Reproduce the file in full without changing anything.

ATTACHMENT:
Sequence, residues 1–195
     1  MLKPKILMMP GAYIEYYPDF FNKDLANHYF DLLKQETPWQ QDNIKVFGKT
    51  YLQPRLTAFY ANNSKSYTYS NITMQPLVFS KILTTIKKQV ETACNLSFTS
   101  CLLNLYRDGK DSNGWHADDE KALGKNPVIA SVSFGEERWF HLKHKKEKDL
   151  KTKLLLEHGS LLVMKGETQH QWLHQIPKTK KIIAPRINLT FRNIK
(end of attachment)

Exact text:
Sequence, residues 1–195
     1  MLKPKILMMP GAYIEYYPDF FNKDLANHYF DLLKQETPWQ QDNIKVFGKT
    51  YLQPRLTAFY ANNSKSYTYS NITMQPLVFS KILTTIKKQV ETACNLSFTS
   101  CLLNLYRDGK DSNGWHADDE KALGKNPVIA SVSFGEERWF HLKHKKEKDL
   151  KTKLLLEHGS LLVMKGETQH QWLHQIPKTK KIIAPRINLT FRNIK